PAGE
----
November 26, 2018

Over one million tonnes of European animal feed possibly contaminated by banned GMOs


Banned genetically modified organisms (GMOs) found in a vitamin-based additive may likely have found their way into over one million tonnes of animal feed in Europe, according to French newspaper Le Monde.


Based on a memo issued by health authorities in the Netherlands, eight tonnes of a vitamin B2 additive produced by a genetically modified strain of the Bacillus subtilis bacteria had been sold in Poland, Italy and the Netherlands between April and June, Le Monde reported.


Known as riboflavim (80%) and used in feed for cattle, pigs and poultry, the additive was produced by Chinese company Shandong and distributed by Dutch company Trouw Nutrition. Consignments of the product, Dutch authorities said, had reached France, Norway, Russia, Finland and Iceland.


As a small amount of the additive is used, the amount of feed potentially affected could range between 800,000 to 1.6 million tonnes, Dutch authorities said. In Poland, about 2,500 kilogrammes were already used in feed.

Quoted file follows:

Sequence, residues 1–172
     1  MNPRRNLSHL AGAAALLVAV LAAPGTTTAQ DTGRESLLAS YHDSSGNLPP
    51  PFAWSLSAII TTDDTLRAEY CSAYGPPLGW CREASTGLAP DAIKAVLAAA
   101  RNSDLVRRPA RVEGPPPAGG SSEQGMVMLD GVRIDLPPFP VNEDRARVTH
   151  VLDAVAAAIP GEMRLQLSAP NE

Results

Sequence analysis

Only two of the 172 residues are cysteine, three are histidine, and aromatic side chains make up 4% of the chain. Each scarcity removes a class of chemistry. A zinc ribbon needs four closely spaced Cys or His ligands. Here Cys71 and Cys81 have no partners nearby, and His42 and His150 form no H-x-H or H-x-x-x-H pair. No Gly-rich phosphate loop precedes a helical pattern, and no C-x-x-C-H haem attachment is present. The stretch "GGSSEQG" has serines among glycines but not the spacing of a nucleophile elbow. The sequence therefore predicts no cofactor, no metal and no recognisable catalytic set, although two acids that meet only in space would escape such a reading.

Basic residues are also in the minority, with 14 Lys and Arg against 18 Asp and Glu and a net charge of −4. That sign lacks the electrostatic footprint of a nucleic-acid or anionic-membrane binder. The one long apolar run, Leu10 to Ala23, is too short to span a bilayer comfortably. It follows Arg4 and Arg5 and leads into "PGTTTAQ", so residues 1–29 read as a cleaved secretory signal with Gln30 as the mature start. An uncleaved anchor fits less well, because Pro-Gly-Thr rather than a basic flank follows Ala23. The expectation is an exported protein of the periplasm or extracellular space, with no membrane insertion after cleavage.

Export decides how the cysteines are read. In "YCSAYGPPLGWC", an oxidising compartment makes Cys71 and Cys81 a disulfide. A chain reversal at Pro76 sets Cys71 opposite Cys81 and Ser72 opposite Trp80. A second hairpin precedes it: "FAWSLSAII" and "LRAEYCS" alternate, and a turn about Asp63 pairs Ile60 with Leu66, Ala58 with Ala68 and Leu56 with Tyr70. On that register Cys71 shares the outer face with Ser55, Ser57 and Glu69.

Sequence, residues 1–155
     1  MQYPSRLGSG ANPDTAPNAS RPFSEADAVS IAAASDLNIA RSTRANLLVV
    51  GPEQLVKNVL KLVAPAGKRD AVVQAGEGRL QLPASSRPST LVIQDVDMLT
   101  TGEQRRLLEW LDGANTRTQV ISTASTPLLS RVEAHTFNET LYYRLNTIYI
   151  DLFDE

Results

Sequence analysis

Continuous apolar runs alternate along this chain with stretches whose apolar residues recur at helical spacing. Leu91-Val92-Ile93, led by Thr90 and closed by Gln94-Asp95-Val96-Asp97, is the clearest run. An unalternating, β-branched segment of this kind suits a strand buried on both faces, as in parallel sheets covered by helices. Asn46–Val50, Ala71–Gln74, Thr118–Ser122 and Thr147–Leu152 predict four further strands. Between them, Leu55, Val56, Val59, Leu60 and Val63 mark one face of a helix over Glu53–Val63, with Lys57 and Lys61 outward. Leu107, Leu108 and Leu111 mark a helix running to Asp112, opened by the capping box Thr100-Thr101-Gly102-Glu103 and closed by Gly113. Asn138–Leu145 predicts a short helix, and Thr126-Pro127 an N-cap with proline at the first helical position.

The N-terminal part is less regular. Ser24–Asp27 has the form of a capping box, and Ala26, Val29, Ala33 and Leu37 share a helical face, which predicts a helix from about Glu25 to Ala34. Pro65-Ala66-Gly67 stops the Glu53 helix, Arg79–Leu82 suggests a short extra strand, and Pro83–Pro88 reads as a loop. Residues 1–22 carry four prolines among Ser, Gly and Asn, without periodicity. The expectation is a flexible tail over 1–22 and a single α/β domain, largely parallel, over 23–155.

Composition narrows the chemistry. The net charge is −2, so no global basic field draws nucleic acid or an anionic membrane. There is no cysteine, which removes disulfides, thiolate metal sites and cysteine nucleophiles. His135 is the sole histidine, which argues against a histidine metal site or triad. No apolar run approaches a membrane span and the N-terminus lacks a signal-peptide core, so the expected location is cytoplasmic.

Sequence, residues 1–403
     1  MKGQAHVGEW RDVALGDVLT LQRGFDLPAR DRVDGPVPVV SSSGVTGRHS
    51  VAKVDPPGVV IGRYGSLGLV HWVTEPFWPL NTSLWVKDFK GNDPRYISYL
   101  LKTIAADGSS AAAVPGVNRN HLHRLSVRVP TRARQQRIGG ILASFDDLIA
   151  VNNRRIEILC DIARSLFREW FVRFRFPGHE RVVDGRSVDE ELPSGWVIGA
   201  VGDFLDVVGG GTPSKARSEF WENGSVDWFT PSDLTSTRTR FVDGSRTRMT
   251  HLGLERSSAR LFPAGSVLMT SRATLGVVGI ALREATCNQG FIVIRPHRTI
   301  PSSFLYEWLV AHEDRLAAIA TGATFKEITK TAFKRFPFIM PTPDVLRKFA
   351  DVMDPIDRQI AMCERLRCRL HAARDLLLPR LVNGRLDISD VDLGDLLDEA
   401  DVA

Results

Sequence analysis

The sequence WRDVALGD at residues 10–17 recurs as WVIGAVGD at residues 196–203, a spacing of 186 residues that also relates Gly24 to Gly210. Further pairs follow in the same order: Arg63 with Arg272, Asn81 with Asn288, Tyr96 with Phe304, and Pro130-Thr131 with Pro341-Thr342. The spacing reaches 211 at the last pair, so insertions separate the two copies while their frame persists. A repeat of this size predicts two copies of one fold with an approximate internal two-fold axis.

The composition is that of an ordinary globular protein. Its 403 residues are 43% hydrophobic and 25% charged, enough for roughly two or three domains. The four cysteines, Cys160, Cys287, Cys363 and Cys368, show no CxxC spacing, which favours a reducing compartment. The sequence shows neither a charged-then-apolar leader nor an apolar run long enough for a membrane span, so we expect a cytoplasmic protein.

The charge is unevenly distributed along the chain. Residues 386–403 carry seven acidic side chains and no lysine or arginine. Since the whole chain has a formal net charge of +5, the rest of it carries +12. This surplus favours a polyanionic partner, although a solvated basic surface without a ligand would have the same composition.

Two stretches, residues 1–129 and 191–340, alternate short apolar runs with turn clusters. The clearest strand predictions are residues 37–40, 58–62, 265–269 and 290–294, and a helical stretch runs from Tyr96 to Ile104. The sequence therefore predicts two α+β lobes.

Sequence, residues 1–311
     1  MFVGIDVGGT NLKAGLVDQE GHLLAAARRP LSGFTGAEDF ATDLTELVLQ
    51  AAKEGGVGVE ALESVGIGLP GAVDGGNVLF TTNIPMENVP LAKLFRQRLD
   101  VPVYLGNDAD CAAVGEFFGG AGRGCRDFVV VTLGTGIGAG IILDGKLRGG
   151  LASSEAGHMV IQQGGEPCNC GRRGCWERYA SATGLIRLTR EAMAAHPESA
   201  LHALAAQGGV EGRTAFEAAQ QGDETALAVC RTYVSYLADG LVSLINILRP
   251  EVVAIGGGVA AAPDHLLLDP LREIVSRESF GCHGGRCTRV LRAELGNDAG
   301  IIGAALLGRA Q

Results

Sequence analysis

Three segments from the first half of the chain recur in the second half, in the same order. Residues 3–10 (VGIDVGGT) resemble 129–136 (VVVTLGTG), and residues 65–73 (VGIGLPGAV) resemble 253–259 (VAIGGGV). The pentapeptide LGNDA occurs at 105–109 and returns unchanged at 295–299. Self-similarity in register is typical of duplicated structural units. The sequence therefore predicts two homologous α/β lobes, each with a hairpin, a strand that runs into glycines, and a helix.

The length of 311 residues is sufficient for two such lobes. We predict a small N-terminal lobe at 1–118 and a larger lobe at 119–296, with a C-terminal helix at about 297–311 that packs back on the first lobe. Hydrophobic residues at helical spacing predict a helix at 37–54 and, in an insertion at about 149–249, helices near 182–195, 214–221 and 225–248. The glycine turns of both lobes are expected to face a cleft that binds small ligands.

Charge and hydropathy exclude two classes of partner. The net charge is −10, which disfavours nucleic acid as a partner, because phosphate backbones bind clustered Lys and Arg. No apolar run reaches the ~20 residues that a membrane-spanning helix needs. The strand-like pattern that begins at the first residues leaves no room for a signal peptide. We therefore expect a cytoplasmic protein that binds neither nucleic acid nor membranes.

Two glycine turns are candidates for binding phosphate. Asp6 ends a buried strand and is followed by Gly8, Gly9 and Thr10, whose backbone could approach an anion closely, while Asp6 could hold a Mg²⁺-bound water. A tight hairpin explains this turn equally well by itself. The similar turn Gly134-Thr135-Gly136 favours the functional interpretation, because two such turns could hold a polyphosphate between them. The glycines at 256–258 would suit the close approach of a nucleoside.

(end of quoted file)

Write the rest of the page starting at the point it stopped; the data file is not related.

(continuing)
Le Monde's revelation came two months after the European Commission withdrew the vitamin's authorisation and ordered it be withdrawn from sale by November 10.


The product presented a risk for both animals and humans, the European Food Safety Authority said. The organisation added that the additive contained genetically modified genes that could resist antibiotics "of human and veterinary importance."


In the meantime, a Rapid Alert System for Food and Feed had been activated, said an European Commission spokeswoman, who did not disclose the countries targeted nor the quantity of the additive that has been traced.


She emphasised that it was the responsibility of EU member states "to ensure that unauthorised products are not found on the market" and to punish those who violate the ban.


- Le Monde / AFP